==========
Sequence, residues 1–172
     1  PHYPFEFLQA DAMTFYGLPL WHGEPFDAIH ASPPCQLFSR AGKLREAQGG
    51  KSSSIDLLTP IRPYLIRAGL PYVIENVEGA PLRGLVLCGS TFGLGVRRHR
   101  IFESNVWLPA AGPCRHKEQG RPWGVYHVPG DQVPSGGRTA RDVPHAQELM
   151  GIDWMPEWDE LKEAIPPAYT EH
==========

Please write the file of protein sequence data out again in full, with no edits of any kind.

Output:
Sequence, residues 1–172
     1  PHYPFEFLQA DAMTFYGLPL WHGEPFDAIH ASPPCQLFSR AGKLREAQGG
    51  KSSSIDLLTP IRPYLIRAGL PYVIENVEGA PLRGLVLCGS TFGLGVRRHR
   101  IFESNVWLPA AGPCRHKEQG RPWGVYHVPG DQVPSGGRTA RDVPHAQELM
   151  GIDWMPEWDE LKEAIPPAYT EH